One of the great centers of Islamic culture and wealth, Mali (one of sub-Saharan Africa's most ancient states) owes much of its reputation to its situation as a major trading center and to the tax that it levied on its trans-Saharan route. At its height in 1350, Mali was a confederation of 3 states - Mali, Memo, and Wagadou - and twelve garrisoned provinces. The Mansa ruled over 400 cities, towns and villages of various ethnicities and controlled a population of approximately 20 million people from the capital at Nyeni.
Climate and Terrain
The Mali Empire was located on the Mandinka plateau in West Africa, and reached its largest size under the Laye Mansas. The empire's total area included nearly all the land within the western Sahara Desert up to Africa's western coastal forests. It spanned the modern-day countries of Senegal, southern Mauritania, Mali, northern Burkina Faso, western Niger, the Gambia, Guinea-Bissau, Guinea, the Ivory Coast and northern Ghana. By 1350, the empire covered approximately 439,400 square miles.
Rise of an Empire
The Mali Empire was strategically located between the West African gold mines and the agriculturally rich Niger River floodplain. Mali’s rise begins when the political leaders of Ghana could not reestablish that empire’s former glory following its conquest and occupation by the Almoravids in 1076. Consequently a number of small states vied to control the salt and gold trade that accounted for Ghana’s wealth and power. In 1235 Sundiata Keita, the leader of one of these states, Kangaba, defeated its principal rival, the neighboring kingdom of Susu, and began consolidating power in the region. Sundiata’s conquest in 1235 is considered the founding of the Mali Empire. Under Sundiata’s successors Mali extended its control west to the Atlantic, south into the rain forest region, including the Wangara gold fields, and east beyond the great bend of the Niger River.
Modern oral traditions also related that the Mandinka kingdoms of Mali or Manden had already existed several centuries before Sundiata's unification as a small state just to the south of the Soninké empire of Wagadou, better known as the Ghana Empire. This area was composed of mountains, savannah and forest providing ideal protection and resources for the population of hunters. Those not living in the mountains formed small city-states such as Toron, Ka-Ba and Niani. The Keita dynasty from which nearly every Mali emperor came traces its lineage back to Bilal, the faithful muezzin of Islam's prophet Muhammad. It was common practice during the Middle Ages for both Christian and Muslim rulers to tie their bloodline back to a pivotal figure in their faith's history.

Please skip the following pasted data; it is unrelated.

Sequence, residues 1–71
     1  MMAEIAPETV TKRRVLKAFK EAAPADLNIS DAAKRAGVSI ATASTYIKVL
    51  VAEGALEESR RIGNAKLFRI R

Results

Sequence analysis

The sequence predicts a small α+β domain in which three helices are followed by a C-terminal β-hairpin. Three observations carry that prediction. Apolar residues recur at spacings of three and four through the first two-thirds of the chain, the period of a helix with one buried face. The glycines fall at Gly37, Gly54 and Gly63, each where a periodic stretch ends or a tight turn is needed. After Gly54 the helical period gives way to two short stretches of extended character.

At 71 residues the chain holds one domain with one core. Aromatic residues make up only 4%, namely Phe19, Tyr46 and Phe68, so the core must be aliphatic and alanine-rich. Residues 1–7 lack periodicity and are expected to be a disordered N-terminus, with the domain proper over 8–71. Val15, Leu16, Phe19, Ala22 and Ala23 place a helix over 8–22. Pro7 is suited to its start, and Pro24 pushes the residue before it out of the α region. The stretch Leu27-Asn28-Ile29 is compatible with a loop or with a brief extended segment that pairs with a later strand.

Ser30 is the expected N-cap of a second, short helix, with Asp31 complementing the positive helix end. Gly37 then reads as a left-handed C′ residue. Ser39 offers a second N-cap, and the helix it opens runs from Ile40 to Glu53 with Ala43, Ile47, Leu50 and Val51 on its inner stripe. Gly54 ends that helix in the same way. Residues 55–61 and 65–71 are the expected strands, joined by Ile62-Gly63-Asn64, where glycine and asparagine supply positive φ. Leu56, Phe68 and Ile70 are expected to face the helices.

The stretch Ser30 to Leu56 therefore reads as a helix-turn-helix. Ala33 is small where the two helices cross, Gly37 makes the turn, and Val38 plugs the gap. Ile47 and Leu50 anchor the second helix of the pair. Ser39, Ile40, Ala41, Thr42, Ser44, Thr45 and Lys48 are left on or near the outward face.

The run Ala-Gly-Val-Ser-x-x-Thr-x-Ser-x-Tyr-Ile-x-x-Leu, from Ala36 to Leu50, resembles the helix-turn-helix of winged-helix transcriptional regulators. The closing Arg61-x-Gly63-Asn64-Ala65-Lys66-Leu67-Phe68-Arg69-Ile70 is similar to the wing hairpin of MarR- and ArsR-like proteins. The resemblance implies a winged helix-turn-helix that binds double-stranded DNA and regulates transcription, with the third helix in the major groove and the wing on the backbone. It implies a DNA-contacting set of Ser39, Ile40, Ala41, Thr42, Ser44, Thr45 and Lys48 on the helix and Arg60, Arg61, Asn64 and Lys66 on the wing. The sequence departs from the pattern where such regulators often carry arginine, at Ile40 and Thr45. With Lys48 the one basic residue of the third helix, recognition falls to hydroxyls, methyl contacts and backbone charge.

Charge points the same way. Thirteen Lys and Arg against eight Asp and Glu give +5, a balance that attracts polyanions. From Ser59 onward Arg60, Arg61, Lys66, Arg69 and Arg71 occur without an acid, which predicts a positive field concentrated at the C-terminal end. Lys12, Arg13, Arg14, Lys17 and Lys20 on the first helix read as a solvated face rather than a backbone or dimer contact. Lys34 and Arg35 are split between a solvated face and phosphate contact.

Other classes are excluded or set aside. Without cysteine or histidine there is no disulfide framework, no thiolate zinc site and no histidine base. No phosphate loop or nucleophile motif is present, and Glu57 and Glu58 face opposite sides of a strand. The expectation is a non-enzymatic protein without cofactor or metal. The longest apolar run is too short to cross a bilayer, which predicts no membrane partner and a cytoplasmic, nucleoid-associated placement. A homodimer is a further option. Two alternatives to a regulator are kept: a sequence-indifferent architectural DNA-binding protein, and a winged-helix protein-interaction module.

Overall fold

The Mali Empire flourished because of trade above all else. It contained three immense gold mines within its borders unlike the Ghana Empire, which was only a transit point for gold. The empire taxed every ounce of gold or salt that entered its borders. By the beginning of the 14th century, Mali was the source of almost half the Old World's gold exported from mines in Bambuk, Boure and Galam. The Sahelian and Saharan towns of the Mali Empire were organized as both staging posts in the long-distance caravan trade and trading centers for the various West African products.
Gold nuggets were the exclusive property of the Mansa, and were illegal to trade within his borders. All gold was immediately handed over to the imperial treasury in return for an equal value of gold dust. Gold dust had been weighed and bagged for use at least since the reign of the Ghana Empire. Mali borrowed the practice to stem inflation of the substance, since it was so prominent in the region. The most common measure for gold within the realm was the ambiguous mithqal (4.5 grams of gold). It is unclear if coined currency was used in the empire. Gold dust was used all over the empire, but was not valued equally in all regions.
The next great unit of exchange in the Mali Empire was salt. Salt was as valuable, if not more valuable than gold in Sub-Saharan Africa. It was cut into pieces and spent on goods with close to equal buying power throughout the empire. While it was as good as gold in the north, it was even better in the south. The people of the south needed salt for their diet, but it was extremely rare. The northern region on the other hand had no shortage of salt.
The Mali Empire reached its zenith under the rule of Mansa Musa (1312-1337) in the early 14th century. Mansa Musa made a famous pilgrimage to Mecca in 1324 laden with gold and slaves to proclaim Mali's prosperity and power. It is said that he lavished so much wealth along his route that the price of gold was depressed for years afterwards.
On his return trip, Musa brought with him architects from throughout the Arab world. In doing so, he helped to create the Dogon style of architecture eptiomized by such famous landmarks as the University of Sankore and the Great Mosque of Djenne. Musa embarked on large construction programs in Gao, Timbuktu, and Niani creating an advanced level of urban living almost unmatched at the time. During Mansa Musa's rule Muslim scholarship reached new heights in Mali, and such cities as Timbuktu and Djenne became important centers of trade, learning, and culture.